In the luxury of our current circumstances, the definition of "peace" that USMC Vet mentioned has evolved. To recap, "to acquiesce and avoid conflict at any cost is peace." When the bullies, thugs, and brigands emerge to confront us, we are not to take up our cudgels against them. Remain supine before your persecutor, allow his boot to remain firmly on your neck, and then you will have peace. Rely on reason, on discourse and argumentation, to dissuade the assassin from his task. Understand his point of view; look at the historical reasons for his behavior; acknowledge your culpability in creating the conditions that produced him -- why, you deserve what you're getting, you know. Give him everything he wants, and what follows will be called "peace".
When Saddam burned, gassed, shredded and mutilated his subjects by the hundreds of thousands, that was "peace". When the United States overthrew him, imposed the rule of law, and arranged elections, that was not "peace".
The crashing of airliners into the World Trade Center was not war. It was "peace". The peace that passes all understanding. Peace in our time.

You're a Jew, So You're Not Allowed to Have An Opinion
Anti-Semitism In British Academica


From Melanie Phillips:


A reader who is currently at a British university has sent me this cri de coeur about the anti-Jewish witch-hunt going on in our seats of learning:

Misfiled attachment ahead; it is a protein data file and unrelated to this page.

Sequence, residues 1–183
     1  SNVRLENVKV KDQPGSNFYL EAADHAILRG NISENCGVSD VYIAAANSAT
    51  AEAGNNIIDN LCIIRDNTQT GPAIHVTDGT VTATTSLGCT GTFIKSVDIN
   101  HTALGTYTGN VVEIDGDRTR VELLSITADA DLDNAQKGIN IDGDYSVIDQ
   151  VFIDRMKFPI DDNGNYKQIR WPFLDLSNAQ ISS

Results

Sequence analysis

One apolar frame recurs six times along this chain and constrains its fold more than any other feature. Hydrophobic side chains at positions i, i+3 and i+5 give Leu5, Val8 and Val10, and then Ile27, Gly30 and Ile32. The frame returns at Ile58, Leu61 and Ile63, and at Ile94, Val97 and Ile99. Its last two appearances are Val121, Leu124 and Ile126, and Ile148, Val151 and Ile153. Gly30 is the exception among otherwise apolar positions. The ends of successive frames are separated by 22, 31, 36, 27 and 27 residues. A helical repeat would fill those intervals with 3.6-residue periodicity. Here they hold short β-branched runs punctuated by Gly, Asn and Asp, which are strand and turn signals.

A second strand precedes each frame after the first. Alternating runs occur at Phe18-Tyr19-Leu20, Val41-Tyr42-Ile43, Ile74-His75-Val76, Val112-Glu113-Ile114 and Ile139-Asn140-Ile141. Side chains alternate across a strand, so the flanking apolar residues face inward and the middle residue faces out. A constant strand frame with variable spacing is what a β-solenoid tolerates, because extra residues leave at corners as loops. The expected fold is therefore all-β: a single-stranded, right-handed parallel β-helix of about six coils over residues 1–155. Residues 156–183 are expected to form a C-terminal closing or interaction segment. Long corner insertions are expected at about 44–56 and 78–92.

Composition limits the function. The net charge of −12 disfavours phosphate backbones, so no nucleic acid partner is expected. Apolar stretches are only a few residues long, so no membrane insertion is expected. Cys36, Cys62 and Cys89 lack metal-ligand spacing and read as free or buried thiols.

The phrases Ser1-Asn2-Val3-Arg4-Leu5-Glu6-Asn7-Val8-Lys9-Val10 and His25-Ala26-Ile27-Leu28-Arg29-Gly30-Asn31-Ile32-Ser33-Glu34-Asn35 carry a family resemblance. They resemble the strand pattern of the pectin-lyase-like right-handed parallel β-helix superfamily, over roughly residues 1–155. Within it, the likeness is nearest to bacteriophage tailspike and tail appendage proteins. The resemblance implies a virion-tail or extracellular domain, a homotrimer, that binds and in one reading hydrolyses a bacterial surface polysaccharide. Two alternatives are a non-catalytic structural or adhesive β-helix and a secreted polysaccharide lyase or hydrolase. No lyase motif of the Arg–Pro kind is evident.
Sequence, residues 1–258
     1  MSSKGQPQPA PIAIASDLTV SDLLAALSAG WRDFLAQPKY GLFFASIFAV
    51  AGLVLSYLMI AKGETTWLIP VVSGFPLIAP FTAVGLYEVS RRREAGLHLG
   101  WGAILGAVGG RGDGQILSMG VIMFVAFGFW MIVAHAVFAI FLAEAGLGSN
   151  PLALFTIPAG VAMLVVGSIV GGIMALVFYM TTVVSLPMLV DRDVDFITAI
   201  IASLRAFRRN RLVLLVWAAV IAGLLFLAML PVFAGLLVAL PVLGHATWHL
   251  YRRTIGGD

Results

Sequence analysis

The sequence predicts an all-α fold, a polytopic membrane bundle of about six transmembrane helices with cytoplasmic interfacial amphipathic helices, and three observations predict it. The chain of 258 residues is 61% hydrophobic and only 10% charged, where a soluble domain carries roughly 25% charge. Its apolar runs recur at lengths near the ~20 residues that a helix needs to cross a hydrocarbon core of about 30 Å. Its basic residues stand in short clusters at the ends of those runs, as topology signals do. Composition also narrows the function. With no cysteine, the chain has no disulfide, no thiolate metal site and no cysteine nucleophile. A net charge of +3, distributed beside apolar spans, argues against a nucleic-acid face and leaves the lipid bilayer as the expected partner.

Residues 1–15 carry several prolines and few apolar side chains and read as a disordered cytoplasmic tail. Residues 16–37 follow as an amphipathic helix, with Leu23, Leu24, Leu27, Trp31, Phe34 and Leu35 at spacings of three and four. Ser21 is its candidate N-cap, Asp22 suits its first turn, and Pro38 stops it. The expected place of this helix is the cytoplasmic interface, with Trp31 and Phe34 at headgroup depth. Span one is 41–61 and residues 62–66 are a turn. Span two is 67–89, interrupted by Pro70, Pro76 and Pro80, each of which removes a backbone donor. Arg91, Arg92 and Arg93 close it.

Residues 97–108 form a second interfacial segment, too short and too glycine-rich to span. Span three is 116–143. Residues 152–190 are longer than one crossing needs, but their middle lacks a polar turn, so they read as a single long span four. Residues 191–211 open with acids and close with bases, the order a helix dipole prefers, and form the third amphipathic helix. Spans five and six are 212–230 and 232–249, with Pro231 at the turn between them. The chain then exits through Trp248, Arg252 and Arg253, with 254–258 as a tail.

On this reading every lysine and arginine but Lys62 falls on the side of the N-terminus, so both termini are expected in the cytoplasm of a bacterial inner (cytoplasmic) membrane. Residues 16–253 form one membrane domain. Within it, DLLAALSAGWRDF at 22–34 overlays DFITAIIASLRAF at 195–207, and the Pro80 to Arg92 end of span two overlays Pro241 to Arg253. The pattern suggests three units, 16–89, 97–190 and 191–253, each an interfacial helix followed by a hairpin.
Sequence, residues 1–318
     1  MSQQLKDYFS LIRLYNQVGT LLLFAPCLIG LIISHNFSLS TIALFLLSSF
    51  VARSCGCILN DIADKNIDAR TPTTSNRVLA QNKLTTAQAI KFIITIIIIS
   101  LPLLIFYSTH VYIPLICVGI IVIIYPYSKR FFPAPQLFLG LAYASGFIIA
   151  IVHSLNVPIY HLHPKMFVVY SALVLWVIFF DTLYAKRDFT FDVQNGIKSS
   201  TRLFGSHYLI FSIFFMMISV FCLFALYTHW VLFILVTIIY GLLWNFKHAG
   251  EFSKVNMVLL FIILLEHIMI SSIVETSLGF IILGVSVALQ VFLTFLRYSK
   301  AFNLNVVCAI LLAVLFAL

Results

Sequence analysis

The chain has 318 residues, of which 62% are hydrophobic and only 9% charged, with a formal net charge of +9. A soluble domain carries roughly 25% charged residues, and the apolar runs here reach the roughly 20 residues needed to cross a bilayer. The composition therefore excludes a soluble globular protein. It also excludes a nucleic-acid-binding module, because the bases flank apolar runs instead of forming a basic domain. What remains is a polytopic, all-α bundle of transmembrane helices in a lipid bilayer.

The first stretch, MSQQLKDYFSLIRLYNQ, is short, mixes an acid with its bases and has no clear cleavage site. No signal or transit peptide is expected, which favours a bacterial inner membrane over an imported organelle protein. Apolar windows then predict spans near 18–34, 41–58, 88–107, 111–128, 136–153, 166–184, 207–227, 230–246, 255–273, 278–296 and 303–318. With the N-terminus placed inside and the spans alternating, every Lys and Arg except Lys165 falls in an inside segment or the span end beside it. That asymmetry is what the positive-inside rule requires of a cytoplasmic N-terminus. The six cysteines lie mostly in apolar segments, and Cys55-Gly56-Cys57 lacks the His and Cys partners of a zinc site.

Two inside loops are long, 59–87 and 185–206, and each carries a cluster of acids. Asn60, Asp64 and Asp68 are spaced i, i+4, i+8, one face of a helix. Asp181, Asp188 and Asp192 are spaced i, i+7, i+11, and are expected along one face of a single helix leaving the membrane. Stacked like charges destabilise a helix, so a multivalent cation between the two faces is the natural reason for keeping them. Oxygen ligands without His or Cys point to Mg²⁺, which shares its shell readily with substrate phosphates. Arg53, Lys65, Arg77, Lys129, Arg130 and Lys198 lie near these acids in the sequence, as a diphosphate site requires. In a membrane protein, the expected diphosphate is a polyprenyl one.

'Certain members of the academic staff hold some quite franklyoffensive views. During a recent series of lectures about terrorism,the lecturer gave an admirably balanced assessment of most of theterrorist groups and their activities around the world. Then came the'Middle East Conflict'.

He began by handing out photocopied pieces of his own published work that sought to claim that the myriad terrorist groups operating in Israel and Palestine were necessary to prevent 'Israeli genocide'. He then went on to inform us that during the course of his research he had met and interviewed numerous members of Hamas and Hezbollah, and that he counted some of these men as 'close personal friends' and had invited one of them to his native Holland.

'I found this situation entirely unpalatable. suppose that the lecturer had declared his support for another of the terrorist groups he was lecturing about -- Combat 18 for example, or perhaps the numerous Aryan/White power groups in the US. Can we imagine that he would still be teaching, or for that matter that he would be anything more than a pariah?

'A Jewish friend put this question to the department and was essentially told that first of all he couldn't really have an opinion because religion clouds the individual's judgement, and that secondly he was an undergraduate and therefore not able to understand academic objectivity.


Quite literally, the student was told that he was not allowed to have an opinion because he is a Jew. There is no other way to take that. Oh, I guess he can have an opinion on other issues, but not on anything related to Israel. Can you imagine imagine if you were not allowed to have an opinion on things you loved; such as your family, or your country?

Thursday, April 21, 2005



Eternal Jerusalem

by Shoshana Meerkin

Posted by Hello